Tag Archives: bill pullman

Harold Becker’s Malice

Aaron Sorkin gets a lot of props for his writing and the guy has done some good stuff but I can’t let him off the hook for Malice, a backwards ass psychosexual melodrama that’s so bad it isn’t even good, it’s just hot fucking mess, twice baked roadkill in summer bad. I wanted to love this because I’m a huge fan of melodramatic 90’s potboilers and also it stars Alec Baldwin, Bill Pullman and Nicole Kidman, three wicked sharp and always reliable stars. But man, this thing is just a fucking mess.

The plot, if you could call it that, revolves around three central characters: a college dean (Pullman), his wife (Nicole Kidman) and a hotshot surgeon (Baldwin) with a severely self proclaimed god complex and generally corrosive, unpleasant personality. After he’s sued big time for malpractice when he wrongfully removes her ovaries in an emergency procedure the plot just completely derails and descends into sleazy lifetime thriller territory. The twists contain zero logic, the characters are nondescript cardboard inserts save Baldwin who does his best to save it but eventually gets cornered by the silly narrative just like everyone else. Oh yeah and there’s a subplot about a serial rapist/killer on campus that’s thrown in there seemingly for the fuck of it as an afterthought, but you’ll guess who it is the moment he shows up just because he’s such a recognizably creepy dude. There’s supporting efforts from Josef Sommer, Bebe Neurith, Peter Gallagher, Tobin Bell, Anne Bancroft, an early Gwyneth Paltrow appearance and George C. Scott himself as a cantankerous old veteran doctor with a Santa beard. Wicked cast, right? Too bad they’re all mostly wasted.

I love a good deception/betrayal/psycho doctor potboiler but the gears all have to click together and come up with something that’s believable or you just end up in Eric Roberts two dollar bin material (sorry Eric but it’s true). This thing is ridiculously plotted right out the ass and what’s worse is we didn’t even care one ounce about these characters from the start so we don’t even get the masochistic rush of seeing people we’ve invested in get flushed down the drain of a bad script. This thing just flatlines, and even the scenes that provide some vague thrill seem episodic and detached from the story overall. The only halfway saving grace is Baldwin who really relishes the grade A asshole role enthusiastically, for the first half anyways until things really begin to disintegrate. I will say he gets one of the best lines of his whole career here though. When second guessed by one of his underlings in the OR, he later growls at them in in the locker room: “If you ever question me again in there I’ll take out your lungs with a fucking ice cream scoop” “I’m not gonna like you much, am I?” His colleague bemoans, to which he affably replies “What are you talkin’ about? Everybody likes me.” It’s a terrific moment and the only sign of life in an otherwise awful film.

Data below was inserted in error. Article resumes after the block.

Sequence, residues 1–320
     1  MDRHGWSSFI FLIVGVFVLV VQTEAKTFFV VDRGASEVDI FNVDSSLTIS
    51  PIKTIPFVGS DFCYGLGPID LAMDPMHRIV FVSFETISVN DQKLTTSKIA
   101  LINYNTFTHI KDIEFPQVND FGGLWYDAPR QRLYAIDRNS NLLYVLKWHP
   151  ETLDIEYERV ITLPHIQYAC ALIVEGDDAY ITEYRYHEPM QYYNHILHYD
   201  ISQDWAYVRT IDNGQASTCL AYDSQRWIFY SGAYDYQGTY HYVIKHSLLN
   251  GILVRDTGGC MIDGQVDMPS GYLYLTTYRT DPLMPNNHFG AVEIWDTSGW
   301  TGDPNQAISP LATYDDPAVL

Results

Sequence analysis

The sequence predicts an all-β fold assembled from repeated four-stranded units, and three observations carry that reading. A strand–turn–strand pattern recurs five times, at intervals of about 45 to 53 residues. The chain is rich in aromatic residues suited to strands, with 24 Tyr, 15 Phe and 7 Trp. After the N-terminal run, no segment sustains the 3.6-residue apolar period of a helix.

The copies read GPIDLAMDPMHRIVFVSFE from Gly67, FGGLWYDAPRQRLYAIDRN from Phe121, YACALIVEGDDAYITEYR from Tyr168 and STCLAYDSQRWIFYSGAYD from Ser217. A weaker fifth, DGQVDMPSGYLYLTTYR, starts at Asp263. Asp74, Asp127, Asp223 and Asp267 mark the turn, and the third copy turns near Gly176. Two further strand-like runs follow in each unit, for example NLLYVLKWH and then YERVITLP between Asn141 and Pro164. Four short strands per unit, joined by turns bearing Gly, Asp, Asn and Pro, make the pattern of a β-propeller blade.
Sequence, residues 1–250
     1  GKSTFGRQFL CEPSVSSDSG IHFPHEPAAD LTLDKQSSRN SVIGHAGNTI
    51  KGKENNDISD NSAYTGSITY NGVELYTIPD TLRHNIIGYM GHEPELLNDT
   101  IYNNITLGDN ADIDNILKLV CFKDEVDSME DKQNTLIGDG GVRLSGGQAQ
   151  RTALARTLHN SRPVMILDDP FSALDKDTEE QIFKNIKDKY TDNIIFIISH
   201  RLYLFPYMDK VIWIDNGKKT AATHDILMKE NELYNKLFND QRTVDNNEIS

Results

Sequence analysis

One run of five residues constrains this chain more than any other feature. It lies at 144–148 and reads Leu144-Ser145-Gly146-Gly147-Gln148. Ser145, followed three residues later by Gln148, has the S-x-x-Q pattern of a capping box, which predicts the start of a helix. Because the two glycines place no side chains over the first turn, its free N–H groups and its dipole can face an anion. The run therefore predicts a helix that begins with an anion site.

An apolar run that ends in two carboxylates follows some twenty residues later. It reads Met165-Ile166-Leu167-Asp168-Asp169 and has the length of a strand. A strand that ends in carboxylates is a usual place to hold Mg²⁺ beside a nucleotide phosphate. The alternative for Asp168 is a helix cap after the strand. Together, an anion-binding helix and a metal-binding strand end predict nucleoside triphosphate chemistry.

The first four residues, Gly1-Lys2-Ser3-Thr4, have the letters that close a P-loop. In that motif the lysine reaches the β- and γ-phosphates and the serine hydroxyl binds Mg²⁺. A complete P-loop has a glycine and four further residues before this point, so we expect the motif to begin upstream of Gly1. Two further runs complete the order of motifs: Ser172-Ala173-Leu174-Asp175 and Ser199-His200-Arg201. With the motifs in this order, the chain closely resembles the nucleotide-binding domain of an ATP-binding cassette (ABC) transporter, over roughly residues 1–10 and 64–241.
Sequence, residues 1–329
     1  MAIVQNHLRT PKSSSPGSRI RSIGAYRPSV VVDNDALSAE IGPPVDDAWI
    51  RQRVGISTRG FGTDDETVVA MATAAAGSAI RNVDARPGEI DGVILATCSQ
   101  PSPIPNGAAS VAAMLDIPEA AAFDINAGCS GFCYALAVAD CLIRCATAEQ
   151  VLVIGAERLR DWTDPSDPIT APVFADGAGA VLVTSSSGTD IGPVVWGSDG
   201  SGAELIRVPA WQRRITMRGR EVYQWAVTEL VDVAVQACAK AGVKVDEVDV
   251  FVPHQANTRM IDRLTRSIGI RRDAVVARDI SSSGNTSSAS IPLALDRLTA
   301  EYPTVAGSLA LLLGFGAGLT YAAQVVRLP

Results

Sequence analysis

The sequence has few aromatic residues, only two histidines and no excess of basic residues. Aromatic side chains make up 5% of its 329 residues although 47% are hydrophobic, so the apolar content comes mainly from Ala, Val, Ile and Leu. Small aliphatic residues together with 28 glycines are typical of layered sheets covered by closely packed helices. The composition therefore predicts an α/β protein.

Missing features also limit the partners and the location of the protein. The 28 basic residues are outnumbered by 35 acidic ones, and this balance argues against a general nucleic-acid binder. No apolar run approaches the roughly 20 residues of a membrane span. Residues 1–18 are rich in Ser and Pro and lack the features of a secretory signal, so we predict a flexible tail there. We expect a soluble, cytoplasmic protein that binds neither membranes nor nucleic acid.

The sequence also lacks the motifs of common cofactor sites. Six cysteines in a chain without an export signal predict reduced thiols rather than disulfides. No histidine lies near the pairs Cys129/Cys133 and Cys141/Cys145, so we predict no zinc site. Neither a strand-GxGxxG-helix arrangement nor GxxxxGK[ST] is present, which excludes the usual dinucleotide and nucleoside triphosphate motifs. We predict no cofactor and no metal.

-Nate Hill

David Lynch’s Lost Highway

High beams pierce a nocturnal interstate as David Bowie’s ‘I’m Deranged’ eerily cuts through a still night and we realize that David Lynch’s Lost Highway isn’t going to be your average road trip, let alone overall viewing experience. This is a fuzzy, feverish portrait of a fractured mind attempting to make sense of extremely distressing circumstances that are both alienating and possibly self inflicted. Lynch is always keen on probing the murky cerebral waters which border on potentially paranormal occurrences, and the often frustrating line, or lack thereof, which is drawn in, around and between these two aspects. Psychological terror, ambiguous scenes that leave you scratching your head once you’ve caught your breath, identity crisis, elliptical narratives that leave us haunted and wanting more are all tools in his bag, ones he’s employed countless times throughout his monolithic career. Usually he implements that in an esoteric, earthy way, but there’s something cold, clinical and unsettlingly voyeuristic about this that somewhat separates it from a lot of other stuff he’s done. The term ‘Lynchian’ in itself has become its own genre, there’s no debating that anymore. It’s usually within this self made realm that he explores, but it’s almost like with this one he went in with a mindset to play around with a sordid, almost De Palma-esque style of genre, and then inject it with his trademark eerie weirdness, in this case to great effect.

Bill Pullman stars as jazz trumpet player Fred, spending his nights belting out unnerving solos in smoky clubs. Pullman is an all American prototype, seen in a lot of generic, regular Joe roles. Observing him venture into sketchy material is jarring and super effective (see his career best work in David’s daughter Jen Lynch’s Surveillance for an even better example of this). He and his gorgeous wife Alice (Patricia Arquette) wake up one ominous morning to discover a packaged video tape on their doorstep, the contents of which show someone breaking into their house and filming them while they sleep. They feel both horrified and violated, and call the police who prove to be just south of useful. From there things get terrifically weird. Fred attends a party where he meets the Mystery Man (Robert Blake) who plays a mean spirited magic trick on him that will have your skin crawling out the door. This was one of Blake’s last two roles before the unfortunate incident that cut his career painfully short, but he’s perfect for Lynch’s stable and eats up the frames he inhabits, a pasty faced ghoul with beady black jewel eyes and a piercing laugh that will stain your dreams. Before he knows it, Fred wakes up and is accused for his own wife’s murder, whisked away to a dank death row cell, plummeting the film into a new segment, Lynch’s way of letting us know this isn’t going to be an easy watch.